Your Hand Position On The HandShoe Mouse

handshoe mouse hand support

This article explains why your hand position on a HandShoe Mouse is different from all other mice.
The importance of hand support was also addressed in our article about the “effect of a computer mouse, supporting the hand“.

When you are used to work with a conventional mouse or some sort of non-optimal ergonomic mouse, your muscles may quite often get stressed.
That’s why it may feel a bit strange, when you put your hand on the HandShoe mouse for the first time. Of course you must make sure to use the proper size of HandShoe mouse: small, medium or large.

Relax Hand and Fingers on the HandShoe Mouse

Now you can relax your hand and fingers. You don’t have to hold on to this mouse to be able to use it.
Your hand lies on the mouse in a relaxed fashion. To find the optimal position for your hand and fingers, just place your hand on the HandShoe Mouse.
The middle joint of your thumb will be nicely supported by the thumb support. The soft tissue of the middle joint should rest on the support which feels really comfortable.

Pinky Side of Hand is Supported by a HandShoe Mouse

Next let the ulnar or pinky side of your hand rest on the nicely curved support which runs along the full length of the HandShoe Mouse.
Your hand and fingers are now fully supported from the wrist, up to the tip of your little finger.
Your entire hand is perfectly relaxed, and you will immediately notice the support and comfort your HandShoe Mouse provides!

Ergonomic Mouse: Forget Wrist Support

forget wrist support

A lot is said and written about all sorts of ergonomic tools.
Some information is highly significant to prevent complaints in neck, shoulders arms and hands.
For example it is important to support your forearm to protect your trapezius and neck muscles.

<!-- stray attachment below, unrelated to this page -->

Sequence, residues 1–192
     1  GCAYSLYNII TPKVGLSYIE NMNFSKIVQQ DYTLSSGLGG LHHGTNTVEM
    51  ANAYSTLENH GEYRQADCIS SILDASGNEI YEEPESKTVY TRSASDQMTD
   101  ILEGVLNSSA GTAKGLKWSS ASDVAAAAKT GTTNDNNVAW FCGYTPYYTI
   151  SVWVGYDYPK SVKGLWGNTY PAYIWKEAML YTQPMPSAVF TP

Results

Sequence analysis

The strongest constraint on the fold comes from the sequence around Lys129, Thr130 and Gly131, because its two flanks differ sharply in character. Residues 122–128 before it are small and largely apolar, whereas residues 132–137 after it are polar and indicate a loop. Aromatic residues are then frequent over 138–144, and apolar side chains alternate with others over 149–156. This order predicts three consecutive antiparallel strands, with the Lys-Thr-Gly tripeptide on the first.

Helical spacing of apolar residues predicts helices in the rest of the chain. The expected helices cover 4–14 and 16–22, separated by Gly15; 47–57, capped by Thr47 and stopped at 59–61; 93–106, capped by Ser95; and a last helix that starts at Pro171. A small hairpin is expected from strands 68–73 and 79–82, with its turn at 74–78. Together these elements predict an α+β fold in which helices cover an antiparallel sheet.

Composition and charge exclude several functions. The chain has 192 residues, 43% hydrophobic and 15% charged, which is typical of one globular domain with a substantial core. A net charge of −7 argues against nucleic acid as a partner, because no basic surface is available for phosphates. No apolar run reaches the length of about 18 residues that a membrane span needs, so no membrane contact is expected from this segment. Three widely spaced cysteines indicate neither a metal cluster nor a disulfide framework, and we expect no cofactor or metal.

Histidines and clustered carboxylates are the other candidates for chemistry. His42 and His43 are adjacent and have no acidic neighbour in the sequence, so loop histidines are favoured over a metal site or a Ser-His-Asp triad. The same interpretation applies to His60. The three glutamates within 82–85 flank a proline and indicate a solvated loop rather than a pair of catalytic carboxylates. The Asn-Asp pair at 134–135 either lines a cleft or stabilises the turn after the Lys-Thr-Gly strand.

Wrist Support Freezes Arm Movement

However, if you support your arm by means of armrest or desktop, then forget about the use of a wrist support.
That doesn’t make sense if you realise what you’re doing: you’re actually freezing the movement of your entire arm by supporting it like that.
The wrist support prevents moving your arm and makes working with a mouse very uncomfortable.
Then you can move your mouse only from the wrist.

Research has shown that working in such a fashion entails the risk of ulnar nerve compression.
This may lead to numbness and pain in hand and fingers.
We therefore advise to only support the forearm at a quarter of the way from the elbow to allow for free movement.

If you then support your hand on the Handshoe Mouse you experience the luxury of free movement combined with a comfortable support without the need for gripping and pinching.

As usual, we are showing the information above in a short one minute video.
Just play the video by clicking on it.


HandShoe Mouse: Weight Control & Cursor Speed

handshoe ergonomic mouse

It is comfortable to sit in your chair in a relaxed fashion and move freely.
The advice of some ergonomists is rather restrictive and will prevent such free movement.

HandShoe Mouse Field Research

During field research, the team of the HandShoe Mouse looked at all possibilities to allow the user of the mouse more freedom of movement. The patented bio-design of the HandShoe Mouse allows this without having to grip or pinch the mouse. Your muscles, however, need to feel some resistance to prevent unnecessary muscle action.

Through testing we established the optimal weight to work with and to allow your muscles to be as relaxed as possible.  Hence we included some special counter weights. If you feel your mouse is too heavy, you can remove some weights. You will find them on the outside, under a special cover. (Watch the one minute video below)

Apart from weight control we advise to set your cursor speed at medium.
This minimizes the muscle strain required to control the cursor on the screen.
If your cursor speed is too high, some muscles which act in opposition will be unnecessarily strained.
So you know, the HandShoe Mouse is a balanced ergonomic tool!

More research information is available on  the HandShoe Mouse Research Page.